In response to the COVID-19 pandemic, staff at the Regional Mathematics Center at the University of Idaho in Coeur d’Alene developed a resource for teachers and parents to use at home during periods of extended time out of the classroom. Designed to help parents and teachers keep students engaged with mathematics, the free book, “Mathematics at Home: Activity Book,” contains 13 games for elementary-aged students along with links to videos and photos to support hands-on learning. It includes riddles, scavenger hunts, and games that require household items such as cards or dice, as well as items found in nature such as rocks.
Playing games helps encourage student-directed goal setting and mathematical understanding. We also know that parents may need support teaching their children, so there is a section on suggested questions to ask children as they engage in the activities. Questions like ‘How did you know to do that?’ and ‘What do you think the best strategy would be in this situation?’ help build metacognitive triggers that students can use the rest of their lives in problem-solving.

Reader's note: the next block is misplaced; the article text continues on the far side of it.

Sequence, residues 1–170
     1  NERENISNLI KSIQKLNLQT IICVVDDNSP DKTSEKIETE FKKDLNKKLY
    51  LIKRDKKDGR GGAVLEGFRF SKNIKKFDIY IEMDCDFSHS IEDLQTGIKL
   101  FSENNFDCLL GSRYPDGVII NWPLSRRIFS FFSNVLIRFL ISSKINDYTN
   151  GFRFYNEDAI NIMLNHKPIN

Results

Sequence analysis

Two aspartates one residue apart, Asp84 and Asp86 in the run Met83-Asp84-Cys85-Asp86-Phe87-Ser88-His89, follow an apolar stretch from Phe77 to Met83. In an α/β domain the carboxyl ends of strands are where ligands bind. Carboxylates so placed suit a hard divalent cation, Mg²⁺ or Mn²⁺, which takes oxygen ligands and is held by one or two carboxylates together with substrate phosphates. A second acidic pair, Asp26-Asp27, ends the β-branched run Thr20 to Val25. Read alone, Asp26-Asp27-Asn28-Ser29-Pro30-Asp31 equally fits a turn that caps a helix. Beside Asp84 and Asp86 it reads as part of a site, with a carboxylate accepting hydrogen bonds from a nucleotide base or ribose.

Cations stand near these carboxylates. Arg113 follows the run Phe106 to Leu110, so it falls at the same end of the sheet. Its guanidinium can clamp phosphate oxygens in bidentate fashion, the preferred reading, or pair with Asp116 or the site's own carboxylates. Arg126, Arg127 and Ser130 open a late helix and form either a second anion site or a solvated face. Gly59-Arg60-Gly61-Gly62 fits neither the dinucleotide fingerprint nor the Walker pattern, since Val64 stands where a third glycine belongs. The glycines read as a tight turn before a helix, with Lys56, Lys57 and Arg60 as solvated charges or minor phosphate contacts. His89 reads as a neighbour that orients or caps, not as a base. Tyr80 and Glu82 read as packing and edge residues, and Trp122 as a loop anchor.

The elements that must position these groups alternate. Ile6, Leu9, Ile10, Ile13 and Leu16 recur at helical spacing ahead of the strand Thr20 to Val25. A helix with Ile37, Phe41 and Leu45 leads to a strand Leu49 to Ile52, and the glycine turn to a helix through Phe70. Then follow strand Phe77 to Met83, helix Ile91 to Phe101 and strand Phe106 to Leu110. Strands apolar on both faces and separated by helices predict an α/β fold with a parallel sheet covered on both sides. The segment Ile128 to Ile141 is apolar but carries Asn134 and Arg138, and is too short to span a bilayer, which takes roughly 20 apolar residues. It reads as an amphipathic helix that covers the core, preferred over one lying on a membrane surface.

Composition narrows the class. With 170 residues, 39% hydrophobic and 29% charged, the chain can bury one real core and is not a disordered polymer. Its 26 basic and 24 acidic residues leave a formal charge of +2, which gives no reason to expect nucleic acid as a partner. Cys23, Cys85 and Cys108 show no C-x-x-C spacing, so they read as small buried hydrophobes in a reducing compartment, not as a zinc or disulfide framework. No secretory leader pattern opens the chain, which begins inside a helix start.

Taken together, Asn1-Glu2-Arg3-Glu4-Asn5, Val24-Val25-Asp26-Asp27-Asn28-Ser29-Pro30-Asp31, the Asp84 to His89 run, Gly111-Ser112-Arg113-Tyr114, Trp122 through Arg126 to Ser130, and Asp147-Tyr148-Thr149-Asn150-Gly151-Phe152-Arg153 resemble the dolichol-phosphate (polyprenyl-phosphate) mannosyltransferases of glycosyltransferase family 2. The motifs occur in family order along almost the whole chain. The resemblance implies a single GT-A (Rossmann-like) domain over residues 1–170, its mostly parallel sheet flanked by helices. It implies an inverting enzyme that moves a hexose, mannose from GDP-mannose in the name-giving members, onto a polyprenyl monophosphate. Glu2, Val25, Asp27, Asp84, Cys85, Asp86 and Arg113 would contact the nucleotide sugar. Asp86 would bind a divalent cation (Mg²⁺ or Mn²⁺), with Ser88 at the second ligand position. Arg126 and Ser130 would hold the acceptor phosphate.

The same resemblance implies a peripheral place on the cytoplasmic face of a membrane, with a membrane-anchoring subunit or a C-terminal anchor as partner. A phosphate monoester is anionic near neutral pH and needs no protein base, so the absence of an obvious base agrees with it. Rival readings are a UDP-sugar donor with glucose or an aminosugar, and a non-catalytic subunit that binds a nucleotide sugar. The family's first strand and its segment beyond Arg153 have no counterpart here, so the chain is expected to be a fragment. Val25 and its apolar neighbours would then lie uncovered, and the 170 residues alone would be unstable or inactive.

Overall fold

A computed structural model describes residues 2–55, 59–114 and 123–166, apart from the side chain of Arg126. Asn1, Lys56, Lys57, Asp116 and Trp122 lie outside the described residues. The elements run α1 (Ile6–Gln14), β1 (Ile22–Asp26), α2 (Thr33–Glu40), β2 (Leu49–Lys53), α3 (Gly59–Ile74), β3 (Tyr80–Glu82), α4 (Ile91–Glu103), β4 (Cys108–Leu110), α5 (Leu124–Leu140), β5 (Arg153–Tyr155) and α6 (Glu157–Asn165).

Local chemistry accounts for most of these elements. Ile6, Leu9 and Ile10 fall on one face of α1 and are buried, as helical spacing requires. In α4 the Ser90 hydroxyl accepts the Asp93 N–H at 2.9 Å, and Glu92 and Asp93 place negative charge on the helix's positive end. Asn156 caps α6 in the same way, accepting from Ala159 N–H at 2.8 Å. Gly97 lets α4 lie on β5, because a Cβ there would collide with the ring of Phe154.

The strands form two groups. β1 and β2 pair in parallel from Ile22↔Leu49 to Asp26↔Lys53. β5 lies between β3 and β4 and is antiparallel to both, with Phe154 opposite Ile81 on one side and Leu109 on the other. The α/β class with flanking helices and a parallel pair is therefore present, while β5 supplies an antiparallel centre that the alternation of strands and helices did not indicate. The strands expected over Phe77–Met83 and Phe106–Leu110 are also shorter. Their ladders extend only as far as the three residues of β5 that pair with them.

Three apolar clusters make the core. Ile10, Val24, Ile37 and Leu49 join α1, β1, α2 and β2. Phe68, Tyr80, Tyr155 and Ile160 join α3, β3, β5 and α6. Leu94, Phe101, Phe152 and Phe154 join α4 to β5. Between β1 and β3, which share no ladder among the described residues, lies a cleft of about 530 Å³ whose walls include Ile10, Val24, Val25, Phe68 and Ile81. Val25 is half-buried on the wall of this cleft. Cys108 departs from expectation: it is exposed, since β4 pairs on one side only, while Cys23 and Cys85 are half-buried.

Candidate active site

Bean Thirteen by Matthew McElligott is a delightful story about Frank and Flora, two bugs who were picking beans for dinner. As Flora picks the last bean, Frank become desperate to figure out how to avoid the bad luck that comes with the 13th bean.